In this second installment of our interview series regarding bluegrass music sales, we look at how sales of digital music online are trending in our slice of the recorded music world.
Once again, we spoke with Dave Freeman of Rebel Records, Ken Irwin of Rounder Records, Sam Passamano of Rural Rhythm Records and Tom Riggs of Pinecastle Records.
The question we asked was “What trend do you see in sales of digital downloads versus CDs?”
Sam Passamano, Rural Rhythm Records:
“I really don’t look at it as digital downloads vs. CD’s. I look at digital downloads as a product line extension of the album and part of the product mix in a label’s product delivery network to the music consumer. As CD sales decline due to current down tends in music purchases over the past few years, digital downloads have been a source for additional revenues for labels, as well as, a wonderful exposure vehicle for new release products. It’s exciting to see all the artist and new product exposure opportunities available to the consumer today. Consumers can listen to song clips of the entire album, see the artist’s music videos, read about the artist, listen to artist interviews and read album reviews before they choose to purchase the digital download or CD album. Most major ‘brick & mortar’ retailers now have their own digital download sales sites, so I don’t see this as an either or situation.
I think there is a place for both product lines, in most music consumers’ collections. Digital downloads are great for exploring new artists and new release titles and collecting important individual songs that are special to the consumer. However, there is no substitution having the physical CD product in your collection containing all the packaging photo’s and information the artist wants their fans and listeners to have, which truly makes it a better experience for the consumer.”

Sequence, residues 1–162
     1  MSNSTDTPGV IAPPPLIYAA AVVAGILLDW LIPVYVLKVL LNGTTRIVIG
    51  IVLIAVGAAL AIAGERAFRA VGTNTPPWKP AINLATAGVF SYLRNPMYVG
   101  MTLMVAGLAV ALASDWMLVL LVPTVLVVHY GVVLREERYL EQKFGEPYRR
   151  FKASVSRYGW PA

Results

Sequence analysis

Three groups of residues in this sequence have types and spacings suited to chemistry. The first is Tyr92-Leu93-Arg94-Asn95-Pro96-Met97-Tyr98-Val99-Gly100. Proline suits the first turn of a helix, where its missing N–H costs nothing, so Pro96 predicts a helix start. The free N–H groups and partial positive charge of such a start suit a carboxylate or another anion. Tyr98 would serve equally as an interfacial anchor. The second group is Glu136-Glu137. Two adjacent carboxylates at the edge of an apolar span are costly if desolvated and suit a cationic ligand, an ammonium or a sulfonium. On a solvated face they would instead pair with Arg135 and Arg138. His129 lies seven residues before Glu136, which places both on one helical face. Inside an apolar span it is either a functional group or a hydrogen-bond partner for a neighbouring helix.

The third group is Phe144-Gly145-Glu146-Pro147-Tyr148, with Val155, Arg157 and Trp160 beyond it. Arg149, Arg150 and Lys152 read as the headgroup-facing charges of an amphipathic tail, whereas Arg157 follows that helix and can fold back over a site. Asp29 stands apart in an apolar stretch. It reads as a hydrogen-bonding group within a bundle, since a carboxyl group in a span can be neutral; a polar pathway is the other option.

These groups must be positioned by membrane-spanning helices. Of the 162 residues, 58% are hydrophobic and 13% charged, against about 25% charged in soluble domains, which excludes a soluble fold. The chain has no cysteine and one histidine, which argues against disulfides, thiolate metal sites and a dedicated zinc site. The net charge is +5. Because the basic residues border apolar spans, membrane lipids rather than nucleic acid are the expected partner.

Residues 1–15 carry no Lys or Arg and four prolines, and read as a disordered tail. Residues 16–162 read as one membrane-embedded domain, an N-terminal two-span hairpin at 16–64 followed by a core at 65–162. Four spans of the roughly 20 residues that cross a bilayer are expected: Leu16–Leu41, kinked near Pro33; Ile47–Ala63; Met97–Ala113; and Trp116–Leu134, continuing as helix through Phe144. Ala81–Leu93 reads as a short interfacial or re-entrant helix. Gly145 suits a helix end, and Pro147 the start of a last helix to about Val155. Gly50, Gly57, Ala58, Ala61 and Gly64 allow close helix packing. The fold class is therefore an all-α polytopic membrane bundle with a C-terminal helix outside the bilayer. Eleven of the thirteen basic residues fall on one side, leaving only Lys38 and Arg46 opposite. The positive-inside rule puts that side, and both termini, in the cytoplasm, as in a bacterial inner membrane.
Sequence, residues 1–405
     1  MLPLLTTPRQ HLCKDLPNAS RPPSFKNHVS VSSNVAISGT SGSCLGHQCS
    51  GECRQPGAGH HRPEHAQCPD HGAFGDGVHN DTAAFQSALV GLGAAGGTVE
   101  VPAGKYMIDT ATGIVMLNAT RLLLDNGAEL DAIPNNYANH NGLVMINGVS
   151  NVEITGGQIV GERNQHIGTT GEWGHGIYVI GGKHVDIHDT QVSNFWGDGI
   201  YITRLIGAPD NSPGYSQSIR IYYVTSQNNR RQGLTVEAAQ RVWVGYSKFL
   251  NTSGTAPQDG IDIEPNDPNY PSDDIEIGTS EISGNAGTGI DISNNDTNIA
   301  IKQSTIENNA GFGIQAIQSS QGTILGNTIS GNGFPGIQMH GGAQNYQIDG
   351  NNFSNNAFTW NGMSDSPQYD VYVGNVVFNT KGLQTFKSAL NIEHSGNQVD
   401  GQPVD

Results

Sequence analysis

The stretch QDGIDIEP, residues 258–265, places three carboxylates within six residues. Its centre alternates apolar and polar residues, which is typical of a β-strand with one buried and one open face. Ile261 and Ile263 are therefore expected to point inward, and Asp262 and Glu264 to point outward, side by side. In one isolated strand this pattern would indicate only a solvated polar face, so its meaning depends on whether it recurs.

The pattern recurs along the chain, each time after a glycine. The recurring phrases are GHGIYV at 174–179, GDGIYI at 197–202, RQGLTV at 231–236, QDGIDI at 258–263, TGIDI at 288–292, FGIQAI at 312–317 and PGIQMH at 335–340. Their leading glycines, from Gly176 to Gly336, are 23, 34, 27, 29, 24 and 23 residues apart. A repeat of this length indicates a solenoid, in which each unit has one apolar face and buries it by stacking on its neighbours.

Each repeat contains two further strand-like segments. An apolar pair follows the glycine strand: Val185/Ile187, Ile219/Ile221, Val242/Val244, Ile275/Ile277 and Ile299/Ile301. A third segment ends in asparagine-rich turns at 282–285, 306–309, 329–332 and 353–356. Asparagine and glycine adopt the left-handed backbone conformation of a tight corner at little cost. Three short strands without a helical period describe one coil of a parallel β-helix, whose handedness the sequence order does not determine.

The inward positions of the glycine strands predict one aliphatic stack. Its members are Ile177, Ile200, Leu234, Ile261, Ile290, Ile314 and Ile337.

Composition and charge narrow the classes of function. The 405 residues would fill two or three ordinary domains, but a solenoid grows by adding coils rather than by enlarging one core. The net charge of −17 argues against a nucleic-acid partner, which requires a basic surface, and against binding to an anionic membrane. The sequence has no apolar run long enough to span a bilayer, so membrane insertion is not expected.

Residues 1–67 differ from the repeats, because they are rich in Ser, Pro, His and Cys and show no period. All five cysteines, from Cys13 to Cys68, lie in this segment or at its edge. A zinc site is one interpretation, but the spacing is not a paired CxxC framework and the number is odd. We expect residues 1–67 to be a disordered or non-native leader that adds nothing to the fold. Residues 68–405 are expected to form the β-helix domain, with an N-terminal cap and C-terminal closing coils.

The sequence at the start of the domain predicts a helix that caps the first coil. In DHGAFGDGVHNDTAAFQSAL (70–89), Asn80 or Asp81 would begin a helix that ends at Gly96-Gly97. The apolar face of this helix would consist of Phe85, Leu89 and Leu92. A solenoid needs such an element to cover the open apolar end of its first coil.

Ken Irwin, Rounder Records:
“Industry wide, CDs sales were down 15% and digital was up 50%, 2007 compared to 2006. Rounder’s performance exceeded the industry average in both tracks and album downloads. In general, Rounder sells more album downloads than the industry average as we are not a singles-driven label, and our genres are not singles-driven.
Our album vs single ratio has not changed significantly over recent years and our video and radio play drives CD sales, not the sale of tracks.”
Dave Freeman, Rebel Records:
“We see no reason why digital sales won’t continue to grow and conventional CDs will continue to fade. Much of the digital market is for individual tracks, not entire albums.
All in all we have been very pleased with digital results, which have continued to grow substantially.”
Tom Riggs, Pinecastle Records:
“Downloads in our case are almost all single as opposed to full albums. I think it has always been this way. Overall our digital download sales increased about 40% over ’06.”
Our next post will examine how these labels view the future of the album format, and how their promotional efforts have changed in the face of a rapidly changing market.